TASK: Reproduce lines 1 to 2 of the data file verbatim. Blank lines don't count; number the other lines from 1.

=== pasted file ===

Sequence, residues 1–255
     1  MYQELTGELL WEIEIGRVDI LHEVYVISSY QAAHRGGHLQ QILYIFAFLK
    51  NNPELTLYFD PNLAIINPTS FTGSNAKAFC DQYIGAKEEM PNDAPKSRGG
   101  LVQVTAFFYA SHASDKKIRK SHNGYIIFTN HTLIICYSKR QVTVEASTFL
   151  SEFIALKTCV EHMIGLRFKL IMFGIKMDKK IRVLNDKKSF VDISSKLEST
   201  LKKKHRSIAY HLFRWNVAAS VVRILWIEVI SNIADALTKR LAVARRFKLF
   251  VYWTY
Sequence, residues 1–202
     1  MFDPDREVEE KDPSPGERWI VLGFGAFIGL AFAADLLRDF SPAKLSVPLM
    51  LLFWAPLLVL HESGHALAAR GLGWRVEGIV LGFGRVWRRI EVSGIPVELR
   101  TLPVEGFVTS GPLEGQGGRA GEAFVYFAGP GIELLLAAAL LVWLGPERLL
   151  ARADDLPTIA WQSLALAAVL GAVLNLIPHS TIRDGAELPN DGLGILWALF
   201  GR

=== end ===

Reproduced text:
Sequence, residues 1–255
     1  MYQELTGELL WEIEIGRVDI LHEVYVISSY QAAHRGGHLQ QILYIFAFLK